Bullying so bad bullied students turn to guns

When are we going to wake up to the destructiveness of bullying?

Bullied students turn to guns

Bullied students turn to guns SCHOOL students are being severely bullied at a rate of more than eight every week, pushing some young victims to threaten to shoot their tormentors.

There is ample evidence to suggest that victims are capable of becoming aggressors and often more destructive than many imagine.   The flight response can easily turn into a fight response that can be excessive and often misplaced.

Beyond the finger on the trigger – Opinion – smh.com.au

This is not a column excusing the Virginia Tech killer Cho Seung-hui. But it is important to understand that what drove Cho to murder 32 people on his university campus last week is what has driven so many other school mass killers in the United States and beyond: severe bullying at school. “There is a lot of evidence that he was badly bullied at school, especially through ridicule and exclusion,” an expert on bullying, Professor Ken Rigby, of the University of South Australia, said yesterday. “This almost certainly increased his sense of alienation and desire to strike back.”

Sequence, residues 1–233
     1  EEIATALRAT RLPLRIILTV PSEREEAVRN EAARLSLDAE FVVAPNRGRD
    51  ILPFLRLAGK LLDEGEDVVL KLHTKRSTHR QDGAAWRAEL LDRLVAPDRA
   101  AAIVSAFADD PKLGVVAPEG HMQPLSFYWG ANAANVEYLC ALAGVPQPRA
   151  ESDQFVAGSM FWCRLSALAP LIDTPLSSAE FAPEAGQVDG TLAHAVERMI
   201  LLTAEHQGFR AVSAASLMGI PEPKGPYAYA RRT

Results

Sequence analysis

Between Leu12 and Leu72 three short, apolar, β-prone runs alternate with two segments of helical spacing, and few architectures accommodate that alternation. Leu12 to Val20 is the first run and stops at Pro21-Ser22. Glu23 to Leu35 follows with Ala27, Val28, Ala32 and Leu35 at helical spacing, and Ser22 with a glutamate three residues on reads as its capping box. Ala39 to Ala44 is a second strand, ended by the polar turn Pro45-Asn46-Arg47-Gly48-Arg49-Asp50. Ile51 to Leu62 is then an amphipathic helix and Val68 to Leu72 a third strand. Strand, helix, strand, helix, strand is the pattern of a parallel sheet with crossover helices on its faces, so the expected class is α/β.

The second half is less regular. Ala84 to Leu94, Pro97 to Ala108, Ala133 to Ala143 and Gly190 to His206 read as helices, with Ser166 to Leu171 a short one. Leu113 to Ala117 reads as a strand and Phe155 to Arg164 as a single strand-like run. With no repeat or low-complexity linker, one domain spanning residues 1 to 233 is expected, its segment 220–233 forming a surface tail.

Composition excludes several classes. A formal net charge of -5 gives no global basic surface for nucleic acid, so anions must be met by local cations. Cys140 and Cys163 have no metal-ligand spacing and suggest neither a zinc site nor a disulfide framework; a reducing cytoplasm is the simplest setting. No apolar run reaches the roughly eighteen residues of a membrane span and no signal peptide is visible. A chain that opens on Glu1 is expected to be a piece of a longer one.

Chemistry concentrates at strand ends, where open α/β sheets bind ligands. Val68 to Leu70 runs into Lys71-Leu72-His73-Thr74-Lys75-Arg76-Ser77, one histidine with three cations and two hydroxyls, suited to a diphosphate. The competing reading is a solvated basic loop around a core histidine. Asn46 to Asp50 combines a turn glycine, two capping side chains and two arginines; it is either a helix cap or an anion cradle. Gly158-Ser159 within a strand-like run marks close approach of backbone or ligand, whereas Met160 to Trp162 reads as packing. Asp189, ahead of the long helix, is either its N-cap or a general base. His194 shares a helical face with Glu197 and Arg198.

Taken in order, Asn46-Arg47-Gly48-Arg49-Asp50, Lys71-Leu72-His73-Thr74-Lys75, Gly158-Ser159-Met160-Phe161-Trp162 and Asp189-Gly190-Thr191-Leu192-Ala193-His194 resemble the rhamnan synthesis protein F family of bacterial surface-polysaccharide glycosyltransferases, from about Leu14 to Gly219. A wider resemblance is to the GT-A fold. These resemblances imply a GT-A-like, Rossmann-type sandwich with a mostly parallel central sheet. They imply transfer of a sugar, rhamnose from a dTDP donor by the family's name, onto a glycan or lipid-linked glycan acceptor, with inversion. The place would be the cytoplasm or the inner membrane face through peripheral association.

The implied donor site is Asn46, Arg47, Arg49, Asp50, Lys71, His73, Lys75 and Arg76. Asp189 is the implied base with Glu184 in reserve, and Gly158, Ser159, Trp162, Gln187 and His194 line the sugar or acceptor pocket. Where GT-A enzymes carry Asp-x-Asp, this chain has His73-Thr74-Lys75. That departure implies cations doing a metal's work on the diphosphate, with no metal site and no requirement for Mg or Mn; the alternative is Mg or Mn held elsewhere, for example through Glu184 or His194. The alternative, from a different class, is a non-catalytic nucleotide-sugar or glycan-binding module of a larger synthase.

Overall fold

Maybe these findings will capture the attention of authorities.

Our kids in worst class of bullies

BULLYING in Australian primary schools is in the worst category in the world, a new study of education standards has found.

In the Trends In International Mathematics And Science Study, which surveyed schools in about 40 countries, more than a quarter of Australian year 4 students said they had suffered bullying.

The results have alarmed child-health experts and education bodies, which have been running strict anti-bullying programs in schools over the past six years.

I have no doubts at all about how widespread it is and even more concerning the trend is in workplaces – hence one of the reasons I’m so passionate about fighting the problem. I f adults find it hard to cope with how can we expect children to fare any better?

‘Workplace bullying worse than school’

Bullying in the workplace is even more rife in Australia than in the schoolyard, school and workplace bullying expert Evelyn Field says.

The US-based Trends In International And Mathematics And Science Study surveyed year 4 students across 40 countries and found Australia was in the worst category in the world.

Over To You

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70 Responses

  1. It’s interesting to see what comes up on possible related posts. This from the U.S.